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Concept# General linear group

Summary

In mathematics, the general linear group of degree n is the set of n×n invertible matrices, together with the operation of ordinary matrix multiplication. This forms a group, because the product of two invertible matrices is again invertible, and the inverse of an invertible matrix is invertible, with identity matrix as the identity element of the group. The group is so named because the columns (and also the rows) of an invertible matrix are linearly independent, hence the vectors/points they define are in general linear position, and matrices in the general linear group take points in general linear position to points in general linear position.
To be more precise, it is necessary to specify what kind of objects may appear in the entries of the matrix. For example, the general linear group over R (the set of real numbers) is the group of n×n invertible matrices of real numbers, and is denoted by GLn(R) or

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In an article of 2003, Kulshammer, Olsson, and Robinson defined l-blocks for the symmetric groups, where l is an arbitrary integer, and proved that they satisfy an analogue of the Nakayama Conjecture. Inspired by this work and the definitions of generalized blocks and sections given by the authors, we give in this article a definition of d-sections in the finite general linear group, and construct d-blocks of unipotent characters, where d is an arbitrary integer. We prove that they satisfy one direction of an analogue of the Nakayama Conjecture, and, in some cases, prove the other direction. We also prove that they satisfy an analogue of Brauer's Second Main Theorem.

The special linear group G = SLn(Z[x(1), ... , x(k)]) (n at least 3 and k finite) is called the universal lattice. Let n be at least 4, and p be any real number in (1, infinity). The main result is the following: any finite index subgroup of G has the fixed point property with respect to every affine isometric action on the space of p-Schatten class operators. It is in addition shown that higher rank lattices have the same property. These results are a generalization of previous theorems respectively of the author and of Bader-Furman-Gelander-Monod, which treated a commutative L-p-setting.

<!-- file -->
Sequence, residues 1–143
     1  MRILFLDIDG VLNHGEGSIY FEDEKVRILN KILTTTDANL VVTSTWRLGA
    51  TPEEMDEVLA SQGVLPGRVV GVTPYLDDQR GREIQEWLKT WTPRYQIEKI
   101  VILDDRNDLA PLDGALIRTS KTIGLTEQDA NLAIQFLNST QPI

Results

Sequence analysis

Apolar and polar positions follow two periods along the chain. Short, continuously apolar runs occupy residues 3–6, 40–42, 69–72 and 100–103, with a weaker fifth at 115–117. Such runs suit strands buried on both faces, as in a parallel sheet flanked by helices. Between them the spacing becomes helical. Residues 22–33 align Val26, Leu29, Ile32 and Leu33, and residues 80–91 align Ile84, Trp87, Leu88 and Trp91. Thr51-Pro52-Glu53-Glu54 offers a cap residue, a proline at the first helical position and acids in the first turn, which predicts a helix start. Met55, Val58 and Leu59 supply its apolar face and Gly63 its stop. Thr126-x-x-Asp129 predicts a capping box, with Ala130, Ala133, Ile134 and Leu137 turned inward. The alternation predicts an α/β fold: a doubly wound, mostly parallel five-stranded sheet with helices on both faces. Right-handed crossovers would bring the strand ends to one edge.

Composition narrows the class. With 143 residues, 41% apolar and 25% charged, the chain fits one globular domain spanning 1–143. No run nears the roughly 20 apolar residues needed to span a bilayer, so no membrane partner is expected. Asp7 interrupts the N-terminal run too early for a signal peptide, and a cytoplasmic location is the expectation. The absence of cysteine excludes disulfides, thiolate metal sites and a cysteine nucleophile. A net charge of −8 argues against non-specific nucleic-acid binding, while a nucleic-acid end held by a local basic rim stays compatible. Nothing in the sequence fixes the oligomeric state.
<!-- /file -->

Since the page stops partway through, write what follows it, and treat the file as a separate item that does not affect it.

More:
We analyze the deformation theory of equivariant vector bundles. In particular, we provide an effective criterion for verifying whether all infinitesimal deformations preserve the equivariant structure. As an application, using rigidity of the Frobenius homomorphism of general linear groups, we prove that projectivizations of Frobenius pullbacks of tautological vector bundles on Grassmanians are arithmetically rigid, that is, do not lift over rings where p not equal 0. This gives the same conclusion for Totaro's examples of Fano varieties violating Kodaira vanishing. We also provide an alternative purely geometric proof of non-liftability mod p(2) and to characteristic zero of the Frobenius homomorphism of a reductive group of non-exceptional type. In the appendix, written jointly with Piotr Achinger, we provide examples of non-liftable Calabi-Yau varieties in every characteristic p >= 5.